Ponderings on Magical Realism

Well, its been awhile.


School has just been blowing by so fast! Hence the lack of posting… 


Anyway, as promised, I thought I’d share what I’ve been learning in my classes. Today’s subject is magical realism.


What is magical realism?


That’s a very good question, and I’ve discovered that the answer kind of changes depending on who you ask. But, you’ve asked me. So here’s what I’ve gathered my class focusing on the genre in Children’s and YA literature. 


The term stared with the South American Writers, and they’re also the ones that popularized it, but they didn’t really begin the genre and it’s not limited to them. 


A magical realism text is a book in which fantastic events are included in the text that otherwise maintains a realistic narrative. No one is surprised by these events/ fantastic elements and they are accepted without questions – maybe a bit of marveling. OKAY. In other-words, it mixes magic with the mundane. These magical events/ elements help the characters (and reader) examine the realistic elements of the story through a different lens. For example: (The Unicorn in the Garden by James Thurber) the appearance of a unicorn in a man’s garden highlights the problems in his marriage and then the man and his wife get a divorce. Without the unicorn in the garden, the man might never have noticed the things that were wrong with his marriage. 


You might be saying, “Hey, this sounds a lot like fantasy. What’s the difference?”


I’m so glad that you asked. Because I do have an answer to that.


In magical realism these fantastic elements are generally limited to one kind of magic or are somehow related. The magic tends to be localized – the entire world isn’t magic, it’s the regular mundane world and then there just happens to be a talking elephant. Or a unicorn. Or a yard gnome that’s actually a Norse god.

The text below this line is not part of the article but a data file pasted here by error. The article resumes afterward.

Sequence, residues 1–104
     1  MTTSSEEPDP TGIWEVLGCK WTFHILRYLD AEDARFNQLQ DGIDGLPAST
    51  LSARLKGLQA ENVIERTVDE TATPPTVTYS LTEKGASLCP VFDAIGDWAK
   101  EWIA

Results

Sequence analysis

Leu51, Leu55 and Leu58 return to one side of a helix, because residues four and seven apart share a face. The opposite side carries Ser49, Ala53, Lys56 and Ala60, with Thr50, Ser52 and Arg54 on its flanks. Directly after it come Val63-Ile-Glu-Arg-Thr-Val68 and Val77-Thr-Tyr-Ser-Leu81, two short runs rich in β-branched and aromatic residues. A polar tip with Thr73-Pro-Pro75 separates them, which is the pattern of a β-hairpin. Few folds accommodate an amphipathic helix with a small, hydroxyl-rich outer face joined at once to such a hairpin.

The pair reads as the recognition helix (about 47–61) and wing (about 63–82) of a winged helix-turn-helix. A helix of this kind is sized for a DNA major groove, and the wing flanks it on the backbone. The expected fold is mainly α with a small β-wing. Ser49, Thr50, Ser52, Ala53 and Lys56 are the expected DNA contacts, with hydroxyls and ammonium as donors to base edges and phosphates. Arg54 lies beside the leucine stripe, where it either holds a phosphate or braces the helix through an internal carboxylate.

Also, in magical realism, the story is not littered with tons of magical objects or creatures. The woods aren’t filled with pixies, elves, and there aren’t any knights that wield magic swords and have enchanted shields. Lastly, the narrator is just a regular ole’ human being. 


So here are some magical realism devices:

  • Multiple planes of reality: Things/ people can experience realistic events simultaneously in the same place but different times, or vice versa. Being in two places at the same time. Confused? Think about Cameron in Going Bovine and how he’s both in the hospital and galavanting around the country 
  • Metafiction: Where a fictitious reader enters into a story within a story or where the textual world enters into our world. 
  • Inanimate objects may be “alive
  • “Mythical” creatures may appear but not as a normal creature of the place. So – not Harry Potter where they roam the forest.       

Well, that’s the best that I’ve got on the subject. I think that magical realism is this kind of thing where you can read a story and say “oh, yeah, this is magical realism” or “dear, God. This is sooo not it.” But it tends to be harder to define. 


Granted, I can’t take credit for all these notes. I got them from my class. Which, has turned out to be an amazingly fun class. Woo!


Now, hasn’t this post been worth waiting for?

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2 thoughts on “Ponderings on Magical Realism

  1. Hi, Caroline –
    Children's and YA? Yikes. Preparatory to publishing a magical realist novel in the fall, I'm reading through everything Google dredges up, read yours, good job! Except as you sort of point out, the roots of magical realism are in Eastern Europe, South America owning only the popularization. If it's not already in your course reading, take a look at Bruno Schultz's THE STREET OF CROCODILES. But my question is this: Did you or anybody in your class question the consignment of American magical realism (assuming there may be such a thing) to kiddie and YA lit? Did anyone ask why “magic” in contemporary American literature is, if acknowledged at all, assumed to be be purview only of children, the cruelly oppressed and the mad? Thanks for your thoughts if you have time to share them.

  2. Wow! I'm so glad that you not only commented but found my post on point. That makes me very happy.

    The class that I am in is a craft class where we looked a (sadly only a few examples all of which I hope to post on in the very near future including Block's MISSING ANGEL JUAN of the WEETZIE BAT books; two short stories by LeGuin; GOING BOVINE by Bray; and lastly SKELLIG by Almond) and not only identify the magic realism elements, how they worked in the story, and what purpose they served. And then worked on writing our own magical realism short stories.

    However, no, no one asked that question in my class and I think it's an excellent one. We only have two meetings left, and I will pose you question to the class and get their feedback.

    That's awesome that you've got your own magical realism book being published this fall! I will be on the lookout for it! I am always looking for new things to read. I will get back to you on what my class thinks about your question 🙂

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